Cons

Integrated trading platforms can be expensive. Unless you have a large account balance, your broker may charge you either a monthly fee or base the access on your making a minimum number of monthly trades.

Furthermore, these platforms often require up-to-date computer equipment with a fast processor and plenty of storage to run well. Older equipment doesn’t run this software satisfactorily. And it’s likely you’ll need to use the Windows operating system.

Features to consider

When selecting a trading platform, look for the capabilities you need today with an eye toward future expandability. You may want to consider the features in the three lists that follow.

Trading tools to look for include the following:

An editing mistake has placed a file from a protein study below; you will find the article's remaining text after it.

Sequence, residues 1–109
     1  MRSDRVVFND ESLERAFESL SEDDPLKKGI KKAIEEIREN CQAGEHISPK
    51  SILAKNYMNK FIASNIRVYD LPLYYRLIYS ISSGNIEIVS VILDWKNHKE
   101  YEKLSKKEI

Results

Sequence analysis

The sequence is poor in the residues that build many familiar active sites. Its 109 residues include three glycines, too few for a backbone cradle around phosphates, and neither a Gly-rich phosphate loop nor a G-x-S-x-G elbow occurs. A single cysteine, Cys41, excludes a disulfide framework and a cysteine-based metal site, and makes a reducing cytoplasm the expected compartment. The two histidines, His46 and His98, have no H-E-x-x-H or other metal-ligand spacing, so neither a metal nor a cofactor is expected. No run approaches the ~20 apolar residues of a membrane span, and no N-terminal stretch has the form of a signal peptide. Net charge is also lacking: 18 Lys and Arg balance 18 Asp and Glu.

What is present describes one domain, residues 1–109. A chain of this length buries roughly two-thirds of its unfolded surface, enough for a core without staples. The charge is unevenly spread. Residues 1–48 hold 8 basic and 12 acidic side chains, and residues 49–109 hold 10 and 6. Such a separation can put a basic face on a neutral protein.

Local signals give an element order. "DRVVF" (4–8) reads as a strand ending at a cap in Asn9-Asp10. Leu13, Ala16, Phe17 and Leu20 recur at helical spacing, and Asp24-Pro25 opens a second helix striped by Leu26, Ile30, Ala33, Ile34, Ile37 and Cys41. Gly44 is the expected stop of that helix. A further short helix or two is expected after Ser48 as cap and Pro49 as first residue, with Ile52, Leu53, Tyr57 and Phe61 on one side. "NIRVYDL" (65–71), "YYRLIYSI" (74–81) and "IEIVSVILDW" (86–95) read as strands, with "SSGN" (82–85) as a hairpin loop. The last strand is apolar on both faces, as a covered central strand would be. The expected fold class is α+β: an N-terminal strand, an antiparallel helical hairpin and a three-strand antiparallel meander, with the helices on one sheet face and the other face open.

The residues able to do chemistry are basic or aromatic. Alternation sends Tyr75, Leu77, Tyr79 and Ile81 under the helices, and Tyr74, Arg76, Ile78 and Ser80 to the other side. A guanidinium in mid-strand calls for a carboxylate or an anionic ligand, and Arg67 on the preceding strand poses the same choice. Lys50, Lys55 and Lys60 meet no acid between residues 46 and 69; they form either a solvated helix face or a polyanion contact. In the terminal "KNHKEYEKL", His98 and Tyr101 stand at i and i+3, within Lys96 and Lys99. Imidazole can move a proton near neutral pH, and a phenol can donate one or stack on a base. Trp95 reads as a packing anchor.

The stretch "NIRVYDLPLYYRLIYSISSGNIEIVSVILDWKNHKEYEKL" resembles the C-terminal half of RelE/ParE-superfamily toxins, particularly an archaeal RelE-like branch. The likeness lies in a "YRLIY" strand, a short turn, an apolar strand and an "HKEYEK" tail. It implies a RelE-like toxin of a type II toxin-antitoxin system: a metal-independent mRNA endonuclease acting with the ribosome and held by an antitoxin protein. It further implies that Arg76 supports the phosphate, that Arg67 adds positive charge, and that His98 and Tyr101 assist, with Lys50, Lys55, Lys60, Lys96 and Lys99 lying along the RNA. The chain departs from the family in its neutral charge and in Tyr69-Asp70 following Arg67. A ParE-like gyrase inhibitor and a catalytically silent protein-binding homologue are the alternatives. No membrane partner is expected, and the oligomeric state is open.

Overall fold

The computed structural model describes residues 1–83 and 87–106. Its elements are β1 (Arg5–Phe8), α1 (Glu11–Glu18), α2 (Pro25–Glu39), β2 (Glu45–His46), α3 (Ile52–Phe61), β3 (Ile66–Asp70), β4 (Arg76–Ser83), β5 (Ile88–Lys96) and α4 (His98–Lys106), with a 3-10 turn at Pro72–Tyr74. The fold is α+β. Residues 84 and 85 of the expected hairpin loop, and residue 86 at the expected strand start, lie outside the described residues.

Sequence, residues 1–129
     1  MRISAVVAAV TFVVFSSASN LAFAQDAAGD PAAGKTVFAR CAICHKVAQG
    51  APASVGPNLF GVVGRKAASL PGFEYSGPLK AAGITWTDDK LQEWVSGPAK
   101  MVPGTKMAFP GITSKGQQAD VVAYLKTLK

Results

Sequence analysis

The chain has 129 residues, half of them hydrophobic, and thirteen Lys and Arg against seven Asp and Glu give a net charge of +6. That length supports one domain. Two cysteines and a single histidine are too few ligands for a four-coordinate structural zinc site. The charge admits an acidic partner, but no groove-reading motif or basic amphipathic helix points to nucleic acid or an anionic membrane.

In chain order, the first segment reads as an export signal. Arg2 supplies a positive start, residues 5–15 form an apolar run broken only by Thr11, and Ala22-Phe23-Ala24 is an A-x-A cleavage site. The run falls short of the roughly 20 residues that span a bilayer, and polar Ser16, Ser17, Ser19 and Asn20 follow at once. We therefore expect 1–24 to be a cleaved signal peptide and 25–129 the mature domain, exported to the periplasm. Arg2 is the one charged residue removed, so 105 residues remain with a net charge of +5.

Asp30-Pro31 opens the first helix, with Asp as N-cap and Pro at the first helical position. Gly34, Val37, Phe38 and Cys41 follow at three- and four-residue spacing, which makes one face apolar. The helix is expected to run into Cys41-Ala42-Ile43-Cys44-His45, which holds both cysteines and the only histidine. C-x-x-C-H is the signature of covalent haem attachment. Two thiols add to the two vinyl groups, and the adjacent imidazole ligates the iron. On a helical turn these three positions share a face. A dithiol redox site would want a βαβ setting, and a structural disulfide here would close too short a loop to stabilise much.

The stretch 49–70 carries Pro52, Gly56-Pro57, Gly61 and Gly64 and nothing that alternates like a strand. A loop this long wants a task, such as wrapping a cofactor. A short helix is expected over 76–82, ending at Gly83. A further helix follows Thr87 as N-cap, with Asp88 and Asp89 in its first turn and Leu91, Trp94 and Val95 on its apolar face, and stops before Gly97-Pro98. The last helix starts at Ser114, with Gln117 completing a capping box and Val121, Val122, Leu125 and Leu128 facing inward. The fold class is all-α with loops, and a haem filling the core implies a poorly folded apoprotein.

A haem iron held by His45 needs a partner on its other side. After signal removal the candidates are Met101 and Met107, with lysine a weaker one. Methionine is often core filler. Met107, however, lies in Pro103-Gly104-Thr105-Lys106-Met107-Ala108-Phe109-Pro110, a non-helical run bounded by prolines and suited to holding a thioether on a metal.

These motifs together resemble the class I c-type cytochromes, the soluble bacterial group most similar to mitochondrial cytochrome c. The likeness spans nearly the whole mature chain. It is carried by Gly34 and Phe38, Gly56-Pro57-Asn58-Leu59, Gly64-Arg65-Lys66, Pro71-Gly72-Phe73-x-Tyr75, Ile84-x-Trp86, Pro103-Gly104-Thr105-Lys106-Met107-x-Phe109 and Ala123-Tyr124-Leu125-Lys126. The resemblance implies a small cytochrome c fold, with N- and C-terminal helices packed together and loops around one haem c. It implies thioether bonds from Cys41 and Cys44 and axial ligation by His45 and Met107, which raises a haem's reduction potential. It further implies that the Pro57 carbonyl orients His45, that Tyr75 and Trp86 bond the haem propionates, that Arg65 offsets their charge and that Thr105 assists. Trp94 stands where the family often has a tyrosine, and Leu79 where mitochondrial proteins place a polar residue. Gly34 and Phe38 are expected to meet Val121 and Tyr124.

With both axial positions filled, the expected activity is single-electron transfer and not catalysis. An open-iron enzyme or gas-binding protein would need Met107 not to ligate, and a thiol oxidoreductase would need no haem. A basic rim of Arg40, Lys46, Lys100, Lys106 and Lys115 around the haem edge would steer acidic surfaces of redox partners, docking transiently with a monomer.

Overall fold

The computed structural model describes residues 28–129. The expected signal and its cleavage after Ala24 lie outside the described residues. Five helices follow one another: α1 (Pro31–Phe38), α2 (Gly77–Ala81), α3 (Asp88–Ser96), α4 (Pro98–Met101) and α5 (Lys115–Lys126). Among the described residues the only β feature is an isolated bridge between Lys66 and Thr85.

• Stock trading

  • Support of sophisticated option-trading strategies

  • Futures trading, especially single-stock and index futures

  • NASDAQ Level II access

  • Direct-access trading and ECN book data

  • Watch lists

  • Automatic e-mail or text message notification when a stock hits your price point

Analysis tools to shop for include these:

  • Sector analysis

  • Proprietary and third-party analyst’s reports

  • News feeds (Dow Jones, Reuters, and so on)

  • Real-time charting capabilities

  • Time and volume sales reports

Following are account-management tools that you may need include:

  • Real-time account balances

  • Real-time updates of buying power and margin exposure

  • Portfolio-management tools

  • Open-order status